This study tested the hypothesis that sweat rate during passive heat stress is limited by baroreceptor unloading associated with heat stress. Two protocols were performed in which healthy subjects underwent passive heat stress that elicited an increase in intestinal temperature of ~1.8°C. Upon attaining this level of hyperthermia, in protocol one (n=10, 3 females) a bolus (19 ml/kg) of warm (~38°C) isotonic saline was rapidly (5-10 min) infused intravenously to elevate central venous pressure (CVP), while in protocol two (n=11, 5 females) phenylephrine was infused intravenously (60-120 μg/min) to return mean arterial pressure (MAP) to normothermic levels. Protocol one: Heat stress reduced CVP from 3.9 ± 1.9 mmHg (normothermia) to -0.6 ± 1.4 mmHg (P<0.001), while saline infusion returned CVP to normothermic levels (5.1 ± 1.7 mmHg; P>0.999). Sweat rate was elevated by heat stress (1.21 ± 0.44 mg/cm2/min) but remained unchanged during rapid saline infusion (1.26 ± 0.47 mg/cm2/min, P=0.5), whereas CVC increased from 77 ± 10 to 101 ± 20% of local heating max (P=0.029). Protocol two: MAP was reduced with heat stress from 85 ± 7 mmHg to 76 ± 8 mmHg (P=0.048). Although phenylephrine infusion returned MAP to normothermic levels (88 ± 7 mmHg; P>0.999), sweat rate remained unchanged during phenylephrine infusion (1.39 ± 0.22 mg/cm2/min vs. 1.41 ± 0.24 mg/cm2/min; P>0.999). These data indicate that both cardiopulmonary and arterial baroreceptor unloading do not limit increases in sweat rate during passive heat stress.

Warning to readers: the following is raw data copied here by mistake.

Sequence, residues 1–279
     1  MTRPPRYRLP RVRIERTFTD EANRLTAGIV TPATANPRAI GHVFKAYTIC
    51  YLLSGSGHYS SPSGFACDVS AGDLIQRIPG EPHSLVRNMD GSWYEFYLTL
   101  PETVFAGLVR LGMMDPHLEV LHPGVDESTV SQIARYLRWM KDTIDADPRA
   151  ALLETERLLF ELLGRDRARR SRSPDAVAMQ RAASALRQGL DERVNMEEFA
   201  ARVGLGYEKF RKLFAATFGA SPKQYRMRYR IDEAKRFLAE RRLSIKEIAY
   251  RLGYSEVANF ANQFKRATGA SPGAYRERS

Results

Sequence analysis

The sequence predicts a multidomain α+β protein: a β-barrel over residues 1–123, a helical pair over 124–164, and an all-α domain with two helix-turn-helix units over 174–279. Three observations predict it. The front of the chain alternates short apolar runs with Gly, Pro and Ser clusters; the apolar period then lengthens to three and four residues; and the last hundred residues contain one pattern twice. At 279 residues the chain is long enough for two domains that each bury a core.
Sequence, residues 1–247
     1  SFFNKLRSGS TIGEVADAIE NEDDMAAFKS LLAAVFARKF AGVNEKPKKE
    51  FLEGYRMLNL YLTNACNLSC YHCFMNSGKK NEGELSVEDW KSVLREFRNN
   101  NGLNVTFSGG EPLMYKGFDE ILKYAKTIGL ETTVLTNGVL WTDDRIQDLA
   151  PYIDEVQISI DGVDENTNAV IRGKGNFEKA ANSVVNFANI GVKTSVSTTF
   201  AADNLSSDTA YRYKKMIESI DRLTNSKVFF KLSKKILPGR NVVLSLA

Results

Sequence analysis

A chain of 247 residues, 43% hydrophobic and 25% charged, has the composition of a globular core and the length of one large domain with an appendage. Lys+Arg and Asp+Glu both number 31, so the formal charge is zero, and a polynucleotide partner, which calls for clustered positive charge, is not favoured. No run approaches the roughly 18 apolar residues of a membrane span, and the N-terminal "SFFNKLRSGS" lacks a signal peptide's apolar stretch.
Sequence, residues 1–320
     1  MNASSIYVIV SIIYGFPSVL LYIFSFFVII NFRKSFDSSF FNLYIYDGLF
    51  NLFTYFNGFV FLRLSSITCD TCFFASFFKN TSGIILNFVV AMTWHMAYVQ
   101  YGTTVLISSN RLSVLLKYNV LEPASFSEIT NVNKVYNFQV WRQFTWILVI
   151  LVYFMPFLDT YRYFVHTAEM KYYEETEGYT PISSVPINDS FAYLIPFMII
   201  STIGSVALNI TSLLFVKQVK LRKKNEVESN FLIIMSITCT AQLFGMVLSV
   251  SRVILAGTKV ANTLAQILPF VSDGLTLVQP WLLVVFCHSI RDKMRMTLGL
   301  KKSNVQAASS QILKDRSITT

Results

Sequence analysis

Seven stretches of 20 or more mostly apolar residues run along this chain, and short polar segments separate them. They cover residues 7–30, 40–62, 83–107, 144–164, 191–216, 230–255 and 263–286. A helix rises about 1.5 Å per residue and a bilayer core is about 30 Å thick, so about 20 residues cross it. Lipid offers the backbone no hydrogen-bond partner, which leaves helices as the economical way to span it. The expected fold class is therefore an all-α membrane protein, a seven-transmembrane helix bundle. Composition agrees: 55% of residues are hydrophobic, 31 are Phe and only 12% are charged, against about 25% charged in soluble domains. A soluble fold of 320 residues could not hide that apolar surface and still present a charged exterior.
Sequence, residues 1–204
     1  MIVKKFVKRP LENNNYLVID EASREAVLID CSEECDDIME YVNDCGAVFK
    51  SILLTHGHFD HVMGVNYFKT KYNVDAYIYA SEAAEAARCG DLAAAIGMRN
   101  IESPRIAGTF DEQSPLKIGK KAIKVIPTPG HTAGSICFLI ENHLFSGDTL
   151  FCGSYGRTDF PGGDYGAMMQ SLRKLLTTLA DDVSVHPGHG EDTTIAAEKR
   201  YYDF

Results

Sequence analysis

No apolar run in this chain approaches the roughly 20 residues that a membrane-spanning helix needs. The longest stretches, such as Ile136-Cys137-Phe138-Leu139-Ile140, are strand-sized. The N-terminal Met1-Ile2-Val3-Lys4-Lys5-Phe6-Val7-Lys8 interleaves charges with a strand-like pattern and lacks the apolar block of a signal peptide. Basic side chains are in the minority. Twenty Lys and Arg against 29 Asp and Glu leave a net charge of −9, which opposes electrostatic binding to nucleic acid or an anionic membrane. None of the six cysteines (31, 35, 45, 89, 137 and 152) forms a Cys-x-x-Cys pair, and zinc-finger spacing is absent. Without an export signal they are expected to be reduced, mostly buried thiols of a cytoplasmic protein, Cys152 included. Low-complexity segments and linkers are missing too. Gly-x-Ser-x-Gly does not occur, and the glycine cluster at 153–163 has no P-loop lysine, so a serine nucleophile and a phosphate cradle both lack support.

- Central venous pressure
- Skin blood flow
- Sweat rate
- Copyright © 2014, Journal of Applied Physiology